Latest research by one of the UK’s top 20 accountancy networks shows that the effective tax rate paid by FTSE-100 companies is now only 26% compared to 35.8% just two years ago.
And in better news for these companies says UHY Hacker Young the tax rate has dropped whilst the profits have increased.
This is in part down to the drop in the corporate tax rate in April this year when it fell from the previous 28% down to 26%.
But this steep decrease has also been partly caused by some British companies moving their headquarters to places overseas where the tax regime is even more favourable.
This leads to these companies obviously generating a higher percentage of their profits abroad allowing them to take advantage of the lower tax rates in those overseas jurisdictions.
Roy Maugham, Tax Partner at UHY Hacker Young points out that these companies are just meeting their duties to shareholders by limiting the tax burden and as such are doing nothing wrong.
“Companies have a duty to their shareholders to keep the tax they pay under control. With more of their operations now based overseas it is only sensible for them to ensure that their business is structured properly so that they are paying tax at the best rate. That doesn’t mean they are doing anything that is illegal or pushing the boundaries of acceptable tax planning. They may simply be reducing their activities in high tax overseas jurisdictions or controlling their non-allowable expenditure more effectively.” He said.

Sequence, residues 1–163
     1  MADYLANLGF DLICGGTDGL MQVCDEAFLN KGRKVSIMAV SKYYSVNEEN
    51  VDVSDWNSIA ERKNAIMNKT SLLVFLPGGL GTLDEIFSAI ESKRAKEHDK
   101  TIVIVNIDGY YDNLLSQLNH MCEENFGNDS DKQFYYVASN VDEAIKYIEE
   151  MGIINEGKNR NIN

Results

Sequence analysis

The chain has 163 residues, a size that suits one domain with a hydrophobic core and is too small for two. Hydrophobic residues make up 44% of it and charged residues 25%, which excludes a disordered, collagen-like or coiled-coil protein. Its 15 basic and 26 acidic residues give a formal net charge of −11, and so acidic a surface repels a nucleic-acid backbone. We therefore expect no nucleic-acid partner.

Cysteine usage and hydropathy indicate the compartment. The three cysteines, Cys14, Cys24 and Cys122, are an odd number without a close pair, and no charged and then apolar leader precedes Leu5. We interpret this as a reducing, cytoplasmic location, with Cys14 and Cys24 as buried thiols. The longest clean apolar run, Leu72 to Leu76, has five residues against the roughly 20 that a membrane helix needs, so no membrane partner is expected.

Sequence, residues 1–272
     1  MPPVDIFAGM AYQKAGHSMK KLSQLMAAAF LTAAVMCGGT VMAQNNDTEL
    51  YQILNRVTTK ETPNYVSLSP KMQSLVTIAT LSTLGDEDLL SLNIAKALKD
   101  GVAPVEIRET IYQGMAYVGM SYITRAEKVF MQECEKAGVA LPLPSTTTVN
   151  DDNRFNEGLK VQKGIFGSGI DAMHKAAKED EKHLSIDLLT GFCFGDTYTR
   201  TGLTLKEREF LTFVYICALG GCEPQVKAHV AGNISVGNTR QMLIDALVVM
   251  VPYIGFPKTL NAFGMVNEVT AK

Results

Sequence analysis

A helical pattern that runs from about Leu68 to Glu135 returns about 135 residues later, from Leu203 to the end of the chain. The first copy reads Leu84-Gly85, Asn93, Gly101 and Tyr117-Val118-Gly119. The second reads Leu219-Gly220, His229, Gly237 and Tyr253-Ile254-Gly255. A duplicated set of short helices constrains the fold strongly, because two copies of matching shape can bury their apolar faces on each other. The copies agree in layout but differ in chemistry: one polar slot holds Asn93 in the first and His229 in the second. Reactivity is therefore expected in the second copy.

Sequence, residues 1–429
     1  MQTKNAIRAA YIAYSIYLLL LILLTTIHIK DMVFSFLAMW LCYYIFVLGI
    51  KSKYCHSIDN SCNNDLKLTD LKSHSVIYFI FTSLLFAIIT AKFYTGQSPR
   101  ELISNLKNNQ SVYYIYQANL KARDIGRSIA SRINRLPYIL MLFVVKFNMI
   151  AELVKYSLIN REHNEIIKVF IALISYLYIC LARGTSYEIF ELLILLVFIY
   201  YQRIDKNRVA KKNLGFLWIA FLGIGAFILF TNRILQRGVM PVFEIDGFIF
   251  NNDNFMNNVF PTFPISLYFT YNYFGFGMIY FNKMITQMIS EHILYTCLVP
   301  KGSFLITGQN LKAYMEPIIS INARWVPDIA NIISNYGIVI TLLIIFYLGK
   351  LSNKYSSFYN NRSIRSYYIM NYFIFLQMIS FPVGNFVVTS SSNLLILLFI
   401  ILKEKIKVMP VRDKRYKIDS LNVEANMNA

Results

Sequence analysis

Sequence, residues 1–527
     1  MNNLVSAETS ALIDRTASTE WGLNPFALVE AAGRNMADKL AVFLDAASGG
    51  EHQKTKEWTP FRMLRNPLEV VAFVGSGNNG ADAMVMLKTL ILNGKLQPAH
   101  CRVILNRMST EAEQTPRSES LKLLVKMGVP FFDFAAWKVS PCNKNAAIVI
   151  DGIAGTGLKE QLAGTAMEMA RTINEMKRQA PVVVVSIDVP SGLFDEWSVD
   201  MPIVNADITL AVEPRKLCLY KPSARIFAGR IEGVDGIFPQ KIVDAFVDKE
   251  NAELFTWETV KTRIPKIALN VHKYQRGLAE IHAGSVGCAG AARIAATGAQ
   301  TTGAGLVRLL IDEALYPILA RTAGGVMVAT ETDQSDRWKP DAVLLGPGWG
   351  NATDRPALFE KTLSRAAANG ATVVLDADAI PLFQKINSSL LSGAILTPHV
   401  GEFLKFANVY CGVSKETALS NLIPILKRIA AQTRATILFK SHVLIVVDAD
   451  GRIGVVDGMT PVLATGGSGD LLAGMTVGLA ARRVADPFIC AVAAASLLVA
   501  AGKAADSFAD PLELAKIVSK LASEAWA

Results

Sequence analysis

Shire, WPP and United Business Media all chose Dublin as the location for that purpose says UHY Hacker Young, although WPP has confirmed it is returning to the UK.
But another reason that companies move is uncertainty over tax rates, says UHY. “Tax uncertainty in the UK, particularly successive Government’s relentless tinkering with the tax system – as well as HMRC’s crusade to close tax avoidance loopholes in the past few years – have undoubtedly had an impact on the attractiveness of the UK as a place to conduct business.” Roy Maugham explained.
Concerns over the possibility of more companies moving offshore have led to the government looking at making the UK more attractive tax-wise says UHY.
As Roy Maugham commented “The tax burden is a vital consideration for highly mobile multinational companies when deciding where to be based. Whilst the Government has made efforts to make the UK tax regime more attractive, will it be enough to stymie the tide of British companies still thinking about the exit?”